Medicare is also more complicated, but the basic principle is simple. Say in year 0 health care costs $100. In year 1 health care costs $110 (assume zero inflation). If Medicare outlays are 10 percent higher in year 1, is that bigger government? The first-order answer is no, because Medicare is buying the same amount of health care it was in year 0; so if we as a nation decided that Medicare was buying the appropriate amount of health care, then it is still buying the appropriate amount of health care. When you dig a little deeper things get more complicated because there should be some price elasticity of demand for health care, so if prices go up by 10 percent we as a society probably want to buy a little less than 10 percent more health care — maybe 8 percent more, since health care is pretty inelastic. So the point there is that Medicare should evolve toward better cost containment, which is basically the philosophy behind part of the Affordable Care Act.

Now, none of this is to deny that there is a problem out there somewhere in the future, since entitlement spending is currently projected to grow faster than revenues . . . forever. But the reason for that has nothing to do with “big government” in the classical right-wing sense of government bureaucrats telling freedom-loving Americans what to do. There are two basic reasons. First, our population is getting older, and we decided decades ago to create certain programs to help old people. Second, health care costs are going up rapidly. (And five minutes of comparative research will tell you that the best way to control health care costs is more government, in the form of a national health insurance program. The problem we have here is that the private sector determines the cost of health care but the national government is committed to buy a certain amount of it).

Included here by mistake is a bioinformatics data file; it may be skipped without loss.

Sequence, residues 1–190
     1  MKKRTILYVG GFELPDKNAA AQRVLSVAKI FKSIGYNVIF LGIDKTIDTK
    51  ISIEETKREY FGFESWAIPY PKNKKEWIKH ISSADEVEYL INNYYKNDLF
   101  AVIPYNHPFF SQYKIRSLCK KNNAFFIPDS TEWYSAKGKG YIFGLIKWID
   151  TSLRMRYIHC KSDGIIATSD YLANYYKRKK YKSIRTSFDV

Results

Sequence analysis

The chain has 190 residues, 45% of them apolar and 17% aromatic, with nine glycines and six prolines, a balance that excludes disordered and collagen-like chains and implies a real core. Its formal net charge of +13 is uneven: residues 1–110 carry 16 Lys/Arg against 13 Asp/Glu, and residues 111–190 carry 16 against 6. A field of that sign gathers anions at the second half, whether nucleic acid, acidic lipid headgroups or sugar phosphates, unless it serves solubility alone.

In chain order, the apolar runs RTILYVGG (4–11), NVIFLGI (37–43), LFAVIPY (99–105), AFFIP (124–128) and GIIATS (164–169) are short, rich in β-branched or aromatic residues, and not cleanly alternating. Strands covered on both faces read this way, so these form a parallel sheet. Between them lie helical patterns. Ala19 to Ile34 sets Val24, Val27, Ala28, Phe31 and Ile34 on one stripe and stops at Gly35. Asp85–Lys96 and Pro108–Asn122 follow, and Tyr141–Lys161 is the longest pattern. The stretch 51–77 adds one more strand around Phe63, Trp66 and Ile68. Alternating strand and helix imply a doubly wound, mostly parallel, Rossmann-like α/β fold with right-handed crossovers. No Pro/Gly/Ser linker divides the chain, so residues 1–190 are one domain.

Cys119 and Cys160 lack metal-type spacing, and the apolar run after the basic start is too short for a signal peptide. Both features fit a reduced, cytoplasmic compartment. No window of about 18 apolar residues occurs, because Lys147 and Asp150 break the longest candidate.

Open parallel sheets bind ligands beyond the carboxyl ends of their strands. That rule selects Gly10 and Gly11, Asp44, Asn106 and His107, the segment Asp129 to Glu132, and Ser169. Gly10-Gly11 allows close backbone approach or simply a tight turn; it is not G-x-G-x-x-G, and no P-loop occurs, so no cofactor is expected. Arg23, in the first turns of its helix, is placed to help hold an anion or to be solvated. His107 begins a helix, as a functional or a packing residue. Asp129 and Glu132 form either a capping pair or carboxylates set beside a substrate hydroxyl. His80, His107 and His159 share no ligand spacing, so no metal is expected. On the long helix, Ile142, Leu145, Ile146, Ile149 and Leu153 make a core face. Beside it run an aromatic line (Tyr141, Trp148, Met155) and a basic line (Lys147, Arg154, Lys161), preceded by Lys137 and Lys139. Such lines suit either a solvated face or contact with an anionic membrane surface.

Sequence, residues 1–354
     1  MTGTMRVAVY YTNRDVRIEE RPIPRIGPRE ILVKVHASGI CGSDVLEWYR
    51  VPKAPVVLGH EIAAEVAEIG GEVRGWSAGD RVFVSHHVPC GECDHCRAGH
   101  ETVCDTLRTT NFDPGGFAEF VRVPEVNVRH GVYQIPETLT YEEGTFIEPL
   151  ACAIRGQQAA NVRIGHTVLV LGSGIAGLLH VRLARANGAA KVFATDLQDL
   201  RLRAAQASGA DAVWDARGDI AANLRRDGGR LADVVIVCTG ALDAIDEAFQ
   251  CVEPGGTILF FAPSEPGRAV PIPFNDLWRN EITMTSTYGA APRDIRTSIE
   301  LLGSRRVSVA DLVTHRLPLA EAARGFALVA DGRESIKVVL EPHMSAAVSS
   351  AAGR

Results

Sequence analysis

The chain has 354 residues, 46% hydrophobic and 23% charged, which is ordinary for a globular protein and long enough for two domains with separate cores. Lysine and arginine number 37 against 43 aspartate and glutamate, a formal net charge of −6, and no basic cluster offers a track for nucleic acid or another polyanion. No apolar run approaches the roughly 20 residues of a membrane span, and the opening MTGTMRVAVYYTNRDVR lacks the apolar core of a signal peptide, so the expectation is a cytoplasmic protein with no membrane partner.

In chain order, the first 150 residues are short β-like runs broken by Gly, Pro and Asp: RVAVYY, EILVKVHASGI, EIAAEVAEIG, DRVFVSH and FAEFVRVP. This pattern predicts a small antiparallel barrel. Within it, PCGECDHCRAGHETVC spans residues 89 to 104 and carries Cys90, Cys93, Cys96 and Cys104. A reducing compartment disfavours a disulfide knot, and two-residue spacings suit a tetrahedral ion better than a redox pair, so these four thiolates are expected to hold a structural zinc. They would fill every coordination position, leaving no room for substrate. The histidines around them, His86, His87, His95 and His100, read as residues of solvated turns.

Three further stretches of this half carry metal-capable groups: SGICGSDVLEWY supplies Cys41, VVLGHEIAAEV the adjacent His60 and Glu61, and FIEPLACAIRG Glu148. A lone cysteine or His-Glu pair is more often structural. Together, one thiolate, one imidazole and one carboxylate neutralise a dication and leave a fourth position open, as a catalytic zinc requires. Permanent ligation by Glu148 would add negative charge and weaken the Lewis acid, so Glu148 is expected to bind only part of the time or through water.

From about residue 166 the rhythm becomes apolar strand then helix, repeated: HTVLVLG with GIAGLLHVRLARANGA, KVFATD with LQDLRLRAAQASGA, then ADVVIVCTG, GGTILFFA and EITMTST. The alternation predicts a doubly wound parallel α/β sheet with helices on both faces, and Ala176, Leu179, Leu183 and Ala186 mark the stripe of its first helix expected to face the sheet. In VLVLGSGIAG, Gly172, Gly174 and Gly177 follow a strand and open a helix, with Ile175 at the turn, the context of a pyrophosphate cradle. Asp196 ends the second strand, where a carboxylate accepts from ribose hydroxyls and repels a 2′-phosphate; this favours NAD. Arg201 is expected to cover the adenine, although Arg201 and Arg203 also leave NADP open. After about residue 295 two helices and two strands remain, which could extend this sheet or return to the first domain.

Of course, conservatives are jumping on the projected entitlement deficits to demand further cuts in the part of government they hate, mainly discretionary non-defense spending. But that “solution” has nothing to do with the problem we face.

* This post is vaguely motivated by the book I’m currently reading: The Age of Deficits: Presidents and Unbalanced Budgets from Jimmy Carter to George W. Bush, by Iwan Morgan. It goes into detail on all of the major budget negotiations of the past thirty-five years. (One reason I’ve been blogging less is that I’m trying to read more and write less.)

** I know there are problems with the CBO’s baseline projection (the CBO knows it, too), but those problems are much bigger in areas other than discretionary spending. The big whoppers in the baseline are things like letting tax cuts expire, not patching the AMT, and not passing an annual fix to Medicare payment schedules.

35 responses to “What’s a Big Government?